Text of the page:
“Our dream is to restore it and open people’s minds to old classic movies,” Erdmann said. “It’s not a Gillespie thing. It’s a Macoupin County thing. This could be great.”

Getting Gillespie’s theatre back in operation could also lead to growth not only in Gillespie but in surrounding communities.

Nelson found a correlation between the church and theatre.

“There’s one body but many parts trying to keep this organism alive,” Nelson said.

Nelson was impressed by seeing how many families are taking advantage of the Saturday night movies to spend an evening together.

“The community is beginning to trust us – they know we’ll be here on Saturday night and its a family friendly place.”

The Canna is looking into hosting some fundraisers. One idea is a Trivia Night, but there are so many of those going on in the area, that may be pushed back to the late summer/early fall.

“We’re looking at a 10-year project,” Nelson said. “There obstacles to overcome, but it’s possible.”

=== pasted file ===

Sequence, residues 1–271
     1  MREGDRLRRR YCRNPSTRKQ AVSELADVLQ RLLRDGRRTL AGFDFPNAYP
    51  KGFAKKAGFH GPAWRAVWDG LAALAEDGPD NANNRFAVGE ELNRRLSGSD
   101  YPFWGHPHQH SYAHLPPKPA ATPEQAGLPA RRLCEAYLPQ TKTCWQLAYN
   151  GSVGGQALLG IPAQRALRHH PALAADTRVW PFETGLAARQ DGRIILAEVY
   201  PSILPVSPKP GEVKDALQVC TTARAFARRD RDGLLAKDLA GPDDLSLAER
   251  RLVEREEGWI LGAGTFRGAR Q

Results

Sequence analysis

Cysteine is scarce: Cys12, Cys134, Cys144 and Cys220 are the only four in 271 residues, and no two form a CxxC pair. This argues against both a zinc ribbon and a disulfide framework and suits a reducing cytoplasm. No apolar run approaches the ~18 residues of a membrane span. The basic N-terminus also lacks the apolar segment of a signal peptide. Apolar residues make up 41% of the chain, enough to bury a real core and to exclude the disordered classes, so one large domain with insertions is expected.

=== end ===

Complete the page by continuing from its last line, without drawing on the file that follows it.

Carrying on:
The Canna is always seeking volunteers to help keep the theatre going. They are also seeking additional sponsorships.


In 1921,John Peart and sons built the facility in hoping of attracting more people to Gillespie. It was managed by Francis Peart.

By 1928, it was reopened as the New Pert Theatre, operated by Raymond Peart and James Shea.  By 1930, it was  remodeled and named the Lyric Theatre. In 1956, it reopened as the Canna and operated by the Canna Anna civic organization.

The theatre has been used for high school productions and other events in the past.

“This was one of the first theatres in Macoupin County,” Nelson said. “The Perts owned one in Warden, Livingston, Carlinville, Litchfield. They had what they called the Pert theatre circuit. They owned all these theatres and got the movie industry going.”

The Eisentrauts were the previous owner of the Canna, and tried to make it work, but with the changing of the film quality from reel to digital and having just one single screen, it wasn’t feasible to do so.

Nelson knew of Cary Eisentraut and asked if he could rent it out for the Assembly of God church, as the previous church location was running out of space.

“The agreement was that when we bought the theatre, he would continue running movies but that he would rent from  us if he found a digital projector,” Nelson said. “He was never able to find one and he purchased Carlinville’s theatre.”

Now the Canna is in the hands of folks who want to see a theatre thrive in Gillespie, keeping the dream alive.